Cyanotype is a form of very early photography, invented by Sir John Frederick William Herschel in 1842. The “Prussian blue” colour of the prints is a result of the chemical processes at work in this technique. In early photography this colour was thought to be too strong for landscape photography, and so at the time the cyanotype process was mostly used for reprographic copying purposes. This led to the term “blueprints” for architectural and engineering drawings. However, the cyanotype process was also used by British botanist Anna Atkins, to produce her celebrated books of photograms of algae and other plants.
Cyanotype printing is a simple and non-toxic process, which, beyond the cyanotype chemicals themselves, requires no specialist equipment or facilities. The process uses sunlight as an ultraviolet source to expose the prints, and tap water to develop them.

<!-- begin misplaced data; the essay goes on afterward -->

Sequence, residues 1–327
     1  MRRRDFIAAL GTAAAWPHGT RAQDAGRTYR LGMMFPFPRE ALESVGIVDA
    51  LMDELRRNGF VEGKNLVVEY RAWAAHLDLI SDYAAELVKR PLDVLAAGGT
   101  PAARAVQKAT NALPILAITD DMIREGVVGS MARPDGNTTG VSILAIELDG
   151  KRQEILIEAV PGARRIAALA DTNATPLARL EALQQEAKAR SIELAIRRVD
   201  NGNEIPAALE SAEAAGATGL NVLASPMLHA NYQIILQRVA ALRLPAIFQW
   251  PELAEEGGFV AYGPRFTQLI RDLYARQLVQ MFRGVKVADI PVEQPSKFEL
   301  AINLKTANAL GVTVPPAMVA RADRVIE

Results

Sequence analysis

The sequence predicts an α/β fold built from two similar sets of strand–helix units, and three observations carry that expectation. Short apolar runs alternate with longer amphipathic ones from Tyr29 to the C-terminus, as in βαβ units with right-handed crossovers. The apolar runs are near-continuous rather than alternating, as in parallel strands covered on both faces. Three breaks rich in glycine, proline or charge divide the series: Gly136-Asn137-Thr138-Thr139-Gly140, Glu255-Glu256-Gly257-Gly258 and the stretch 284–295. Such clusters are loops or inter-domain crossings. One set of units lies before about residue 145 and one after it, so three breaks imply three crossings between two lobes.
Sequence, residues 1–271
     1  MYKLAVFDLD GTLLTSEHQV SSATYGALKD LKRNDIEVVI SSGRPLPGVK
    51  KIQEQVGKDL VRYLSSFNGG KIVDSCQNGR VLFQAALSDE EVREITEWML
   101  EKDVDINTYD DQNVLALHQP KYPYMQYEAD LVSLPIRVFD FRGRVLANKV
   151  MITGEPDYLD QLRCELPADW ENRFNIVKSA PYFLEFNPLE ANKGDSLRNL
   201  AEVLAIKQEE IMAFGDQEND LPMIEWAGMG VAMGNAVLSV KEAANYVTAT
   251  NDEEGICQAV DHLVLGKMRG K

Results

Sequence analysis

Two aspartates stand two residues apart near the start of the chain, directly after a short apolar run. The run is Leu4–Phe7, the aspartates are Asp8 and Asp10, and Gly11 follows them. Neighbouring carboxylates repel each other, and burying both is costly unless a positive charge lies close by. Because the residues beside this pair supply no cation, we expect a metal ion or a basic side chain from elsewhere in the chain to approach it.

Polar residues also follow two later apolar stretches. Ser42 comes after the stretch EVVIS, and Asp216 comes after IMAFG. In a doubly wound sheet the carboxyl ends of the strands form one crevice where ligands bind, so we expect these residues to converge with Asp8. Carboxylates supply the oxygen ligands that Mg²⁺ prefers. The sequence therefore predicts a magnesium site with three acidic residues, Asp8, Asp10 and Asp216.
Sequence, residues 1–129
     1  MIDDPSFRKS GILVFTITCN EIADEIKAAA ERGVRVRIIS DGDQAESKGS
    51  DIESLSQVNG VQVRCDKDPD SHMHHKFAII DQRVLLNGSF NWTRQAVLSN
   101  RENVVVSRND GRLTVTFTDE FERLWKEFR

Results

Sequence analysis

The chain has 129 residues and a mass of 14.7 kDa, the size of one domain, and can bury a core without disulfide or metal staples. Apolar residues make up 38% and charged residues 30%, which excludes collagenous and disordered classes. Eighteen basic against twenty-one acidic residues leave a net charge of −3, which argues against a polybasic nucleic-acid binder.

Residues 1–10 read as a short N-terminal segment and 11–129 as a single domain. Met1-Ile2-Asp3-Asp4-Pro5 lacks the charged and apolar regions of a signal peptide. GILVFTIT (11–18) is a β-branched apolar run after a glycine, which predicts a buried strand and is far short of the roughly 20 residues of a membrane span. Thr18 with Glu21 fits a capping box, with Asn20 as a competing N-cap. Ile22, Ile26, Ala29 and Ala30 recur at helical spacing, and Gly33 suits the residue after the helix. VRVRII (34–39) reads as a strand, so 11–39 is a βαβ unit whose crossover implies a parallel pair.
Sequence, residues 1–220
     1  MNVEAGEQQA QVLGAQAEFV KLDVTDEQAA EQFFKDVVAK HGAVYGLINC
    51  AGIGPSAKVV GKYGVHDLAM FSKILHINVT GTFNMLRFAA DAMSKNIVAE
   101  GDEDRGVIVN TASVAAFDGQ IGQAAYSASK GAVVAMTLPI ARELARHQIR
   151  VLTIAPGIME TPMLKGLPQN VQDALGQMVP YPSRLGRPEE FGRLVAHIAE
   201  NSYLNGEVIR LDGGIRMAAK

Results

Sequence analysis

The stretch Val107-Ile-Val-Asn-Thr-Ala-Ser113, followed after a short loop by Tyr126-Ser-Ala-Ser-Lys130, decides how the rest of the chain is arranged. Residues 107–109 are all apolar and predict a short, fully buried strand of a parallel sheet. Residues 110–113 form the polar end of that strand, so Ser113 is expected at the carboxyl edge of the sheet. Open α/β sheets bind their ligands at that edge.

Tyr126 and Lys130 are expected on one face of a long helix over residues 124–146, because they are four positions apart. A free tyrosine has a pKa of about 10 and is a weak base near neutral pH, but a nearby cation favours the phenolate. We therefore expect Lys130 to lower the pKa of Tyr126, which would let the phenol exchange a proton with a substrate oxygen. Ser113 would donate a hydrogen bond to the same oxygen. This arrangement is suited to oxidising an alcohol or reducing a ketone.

In the Croydon Arts Store workshop, participants will use the cyanotype chemicals to prepare blueprint paper, and then will go outside to use the sunlight to expose the prints. Participants are asked to bring small objects that might crate interesting shadows to use for their cyanotype prints. This might include plant matter such as leaves and flowers (including weeds), or household or stationary items such as paper clips, etc.
Note: as direct sunlight is required for the cyanotype process this part of the workshop will be dependent upon the weather conditions.
Free workshop, everyone welcome